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The Late Show

Author: Elliott Abrams, Senior Fellow for Middle Eastern Studies
July 18, 2011
National Review

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On Friday, July 15, the White House announced that the president would meet with the Dalai Lama. This was after weeks of speculation, and only one day before the Dalai Lama's long-planned week in Washington was scheduled to end. In other words, the White House waited until the last minute and thereby squandered much of the good will such a meeting can engender.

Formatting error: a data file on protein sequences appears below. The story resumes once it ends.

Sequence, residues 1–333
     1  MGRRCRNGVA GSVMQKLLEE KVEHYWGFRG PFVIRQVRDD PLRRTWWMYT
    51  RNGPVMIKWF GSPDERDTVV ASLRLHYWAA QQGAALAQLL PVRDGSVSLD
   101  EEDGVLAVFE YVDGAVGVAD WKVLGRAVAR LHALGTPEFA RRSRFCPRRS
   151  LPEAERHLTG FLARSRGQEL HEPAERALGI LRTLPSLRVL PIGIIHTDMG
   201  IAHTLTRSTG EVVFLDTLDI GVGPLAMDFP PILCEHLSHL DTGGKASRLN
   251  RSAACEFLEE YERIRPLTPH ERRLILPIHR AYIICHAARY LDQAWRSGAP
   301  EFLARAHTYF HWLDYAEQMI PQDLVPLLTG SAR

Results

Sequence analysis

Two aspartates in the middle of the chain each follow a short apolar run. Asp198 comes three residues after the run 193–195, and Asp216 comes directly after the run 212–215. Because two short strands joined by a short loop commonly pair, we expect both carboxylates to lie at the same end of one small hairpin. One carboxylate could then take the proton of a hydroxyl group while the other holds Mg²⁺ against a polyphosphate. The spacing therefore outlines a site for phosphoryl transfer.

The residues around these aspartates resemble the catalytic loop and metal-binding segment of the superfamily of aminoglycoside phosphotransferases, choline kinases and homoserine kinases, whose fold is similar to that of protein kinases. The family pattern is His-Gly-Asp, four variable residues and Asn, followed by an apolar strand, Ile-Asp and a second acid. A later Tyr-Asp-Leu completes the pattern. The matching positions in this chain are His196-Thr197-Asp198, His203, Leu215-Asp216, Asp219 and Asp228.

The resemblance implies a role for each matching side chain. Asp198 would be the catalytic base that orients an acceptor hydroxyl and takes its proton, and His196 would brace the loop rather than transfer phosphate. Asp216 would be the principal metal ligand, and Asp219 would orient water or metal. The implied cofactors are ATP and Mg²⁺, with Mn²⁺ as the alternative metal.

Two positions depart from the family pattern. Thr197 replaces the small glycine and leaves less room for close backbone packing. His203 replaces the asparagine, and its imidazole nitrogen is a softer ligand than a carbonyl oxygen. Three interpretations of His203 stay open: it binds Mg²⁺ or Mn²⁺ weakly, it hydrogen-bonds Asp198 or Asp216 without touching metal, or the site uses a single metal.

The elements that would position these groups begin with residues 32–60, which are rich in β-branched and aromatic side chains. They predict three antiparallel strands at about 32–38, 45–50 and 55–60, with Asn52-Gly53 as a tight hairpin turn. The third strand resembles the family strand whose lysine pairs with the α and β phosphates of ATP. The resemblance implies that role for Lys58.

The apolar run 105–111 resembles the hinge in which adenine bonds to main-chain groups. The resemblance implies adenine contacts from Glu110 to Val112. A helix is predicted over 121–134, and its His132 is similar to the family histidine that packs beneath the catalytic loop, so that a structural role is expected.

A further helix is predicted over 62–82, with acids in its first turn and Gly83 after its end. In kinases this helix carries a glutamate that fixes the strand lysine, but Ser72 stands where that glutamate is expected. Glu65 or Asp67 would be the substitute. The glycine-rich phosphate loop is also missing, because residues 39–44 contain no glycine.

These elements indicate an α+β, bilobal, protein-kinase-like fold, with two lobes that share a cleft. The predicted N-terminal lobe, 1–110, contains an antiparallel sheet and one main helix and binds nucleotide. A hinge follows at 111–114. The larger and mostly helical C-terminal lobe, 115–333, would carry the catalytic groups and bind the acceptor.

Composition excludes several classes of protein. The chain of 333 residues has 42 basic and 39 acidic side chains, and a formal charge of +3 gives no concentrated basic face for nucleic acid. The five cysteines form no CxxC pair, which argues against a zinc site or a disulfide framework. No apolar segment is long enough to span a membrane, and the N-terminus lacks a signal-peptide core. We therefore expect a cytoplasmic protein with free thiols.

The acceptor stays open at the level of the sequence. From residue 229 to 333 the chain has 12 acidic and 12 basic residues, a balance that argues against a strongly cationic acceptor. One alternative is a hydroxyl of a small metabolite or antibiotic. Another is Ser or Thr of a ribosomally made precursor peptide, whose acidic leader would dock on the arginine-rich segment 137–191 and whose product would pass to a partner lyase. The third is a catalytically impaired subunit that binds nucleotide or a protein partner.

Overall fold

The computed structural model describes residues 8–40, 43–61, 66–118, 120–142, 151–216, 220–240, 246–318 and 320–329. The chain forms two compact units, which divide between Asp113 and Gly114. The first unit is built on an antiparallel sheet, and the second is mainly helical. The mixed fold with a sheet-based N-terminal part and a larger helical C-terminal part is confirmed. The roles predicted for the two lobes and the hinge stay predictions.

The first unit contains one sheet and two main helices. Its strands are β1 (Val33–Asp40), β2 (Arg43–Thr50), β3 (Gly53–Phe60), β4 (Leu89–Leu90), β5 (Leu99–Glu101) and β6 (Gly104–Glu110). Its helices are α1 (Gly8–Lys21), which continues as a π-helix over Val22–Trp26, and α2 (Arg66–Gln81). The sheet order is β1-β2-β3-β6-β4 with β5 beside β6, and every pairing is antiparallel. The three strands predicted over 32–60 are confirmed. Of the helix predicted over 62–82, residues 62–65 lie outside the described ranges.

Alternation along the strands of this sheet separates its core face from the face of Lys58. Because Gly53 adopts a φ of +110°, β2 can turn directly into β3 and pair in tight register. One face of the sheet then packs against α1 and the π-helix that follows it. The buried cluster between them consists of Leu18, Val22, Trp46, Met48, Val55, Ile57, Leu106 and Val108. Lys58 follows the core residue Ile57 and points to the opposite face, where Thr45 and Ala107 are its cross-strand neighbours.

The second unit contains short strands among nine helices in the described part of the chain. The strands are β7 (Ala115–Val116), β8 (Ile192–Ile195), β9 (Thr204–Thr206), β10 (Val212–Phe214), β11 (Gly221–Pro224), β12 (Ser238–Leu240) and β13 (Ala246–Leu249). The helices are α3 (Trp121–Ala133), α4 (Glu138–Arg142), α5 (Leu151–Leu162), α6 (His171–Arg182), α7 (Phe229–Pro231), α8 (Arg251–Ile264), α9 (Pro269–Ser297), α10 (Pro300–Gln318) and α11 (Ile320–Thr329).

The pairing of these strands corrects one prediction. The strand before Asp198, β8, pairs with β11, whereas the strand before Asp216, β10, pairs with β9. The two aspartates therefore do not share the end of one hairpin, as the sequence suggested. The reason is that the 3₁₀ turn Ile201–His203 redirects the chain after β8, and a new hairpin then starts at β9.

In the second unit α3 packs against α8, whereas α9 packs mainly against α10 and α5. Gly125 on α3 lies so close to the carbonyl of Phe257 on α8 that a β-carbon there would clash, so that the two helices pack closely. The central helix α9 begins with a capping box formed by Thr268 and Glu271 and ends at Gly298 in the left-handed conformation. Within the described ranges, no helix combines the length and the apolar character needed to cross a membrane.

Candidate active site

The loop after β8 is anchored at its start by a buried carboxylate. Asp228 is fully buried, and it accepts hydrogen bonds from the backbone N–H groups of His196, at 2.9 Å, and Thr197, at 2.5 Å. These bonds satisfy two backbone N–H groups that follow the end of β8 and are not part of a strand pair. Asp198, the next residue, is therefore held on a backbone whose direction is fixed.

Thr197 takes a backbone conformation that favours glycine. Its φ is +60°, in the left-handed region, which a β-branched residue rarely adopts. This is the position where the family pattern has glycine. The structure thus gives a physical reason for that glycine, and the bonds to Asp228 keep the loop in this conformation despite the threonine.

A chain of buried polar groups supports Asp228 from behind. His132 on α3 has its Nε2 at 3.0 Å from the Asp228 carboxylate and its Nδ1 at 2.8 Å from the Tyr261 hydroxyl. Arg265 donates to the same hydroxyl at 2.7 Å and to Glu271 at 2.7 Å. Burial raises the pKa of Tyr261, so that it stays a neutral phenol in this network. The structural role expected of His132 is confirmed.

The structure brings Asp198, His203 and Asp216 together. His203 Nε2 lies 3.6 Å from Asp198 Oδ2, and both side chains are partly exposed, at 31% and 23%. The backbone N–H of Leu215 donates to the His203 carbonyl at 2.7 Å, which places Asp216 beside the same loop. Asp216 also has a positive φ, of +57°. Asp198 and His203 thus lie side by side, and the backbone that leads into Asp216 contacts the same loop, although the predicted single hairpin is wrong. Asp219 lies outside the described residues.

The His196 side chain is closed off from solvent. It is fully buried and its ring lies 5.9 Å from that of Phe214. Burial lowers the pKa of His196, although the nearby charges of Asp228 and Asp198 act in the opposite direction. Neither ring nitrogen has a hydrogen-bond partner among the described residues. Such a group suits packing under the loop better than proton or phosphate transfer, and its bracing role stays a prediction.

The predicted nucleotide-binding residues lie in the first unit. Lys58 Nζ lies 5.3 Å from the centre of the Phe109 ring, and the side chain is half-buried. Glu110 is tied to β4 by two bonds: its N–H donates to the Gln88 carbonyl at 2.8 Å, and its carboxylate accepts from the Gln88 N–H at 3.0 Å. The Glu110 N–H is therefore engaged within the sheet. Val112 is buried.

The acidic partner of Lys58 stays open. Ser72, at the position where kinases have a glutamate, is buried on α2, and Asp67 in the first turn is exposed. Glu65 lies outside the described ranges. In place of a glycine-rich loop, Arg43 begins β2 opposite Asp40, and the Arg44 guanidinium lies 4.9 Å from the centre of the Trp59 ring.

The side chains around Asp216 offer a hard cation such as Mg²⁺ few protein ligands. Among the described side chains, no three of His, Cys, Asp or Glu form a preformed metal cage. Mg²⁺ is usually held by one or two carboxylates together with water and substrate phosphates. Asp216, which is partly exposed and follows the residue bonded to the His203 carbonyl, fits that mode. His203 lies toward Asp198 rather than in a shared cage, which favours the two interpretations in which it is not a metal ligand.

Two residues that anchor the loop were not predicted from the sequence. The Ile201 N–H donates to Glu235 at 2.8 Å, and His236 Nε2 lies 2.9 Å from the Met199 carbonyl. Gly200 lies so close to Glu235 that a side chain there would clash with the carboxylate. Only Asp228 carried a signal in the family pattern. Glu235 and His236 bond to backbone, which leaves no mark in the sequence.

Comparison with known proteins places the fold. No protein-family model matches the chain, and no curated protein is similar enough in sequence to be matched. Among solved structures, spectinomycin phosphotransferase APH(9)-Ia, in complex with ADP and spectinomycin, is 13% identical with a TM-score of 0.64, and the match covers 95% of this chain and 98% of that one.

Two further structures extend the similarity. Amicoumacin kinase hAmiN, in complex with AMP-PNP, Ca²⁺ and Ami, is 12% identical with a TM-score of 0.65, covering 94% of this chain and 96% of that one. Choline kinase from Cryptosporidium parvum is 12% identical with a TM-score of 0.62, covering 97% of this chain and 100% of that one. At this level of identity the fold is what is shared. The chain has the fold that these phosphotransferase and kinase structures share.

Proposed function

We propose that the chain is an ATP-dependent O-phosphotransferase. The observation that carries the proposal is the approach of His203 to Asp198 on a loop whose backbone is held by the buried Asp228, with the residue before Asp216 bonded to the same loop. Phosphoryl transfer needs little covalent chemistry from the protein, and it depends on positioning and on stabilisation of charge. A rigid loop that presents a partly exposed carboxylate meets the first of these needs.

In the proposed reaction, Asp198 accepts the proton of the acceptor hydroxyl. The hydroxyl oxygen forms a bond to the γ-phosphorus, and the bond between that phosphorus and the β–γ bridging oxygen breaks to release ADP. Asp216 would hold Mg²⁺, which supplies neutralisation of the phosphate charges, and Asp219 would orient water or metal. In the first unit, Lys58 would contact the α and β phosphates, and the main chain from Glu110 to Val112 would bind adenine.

On the same day, it was announced that the United States would finally recognize the Transitional National Council in Libya as the country's legitimate government. This step has been urged upon the White House for months, and there is no good explanation for why it was the right thing to do on July 15 but not on July 1 or June 1. As the Wall Street Journal has pointed out, “Libya's rebellion began five months ago. NATO started to bomb Gadhafi's forces on March 19. Twenty-six other countries recognized the TNC before the U.S. did. Luxembourg roared its approval on Wednesday, and the U.S. followed.”

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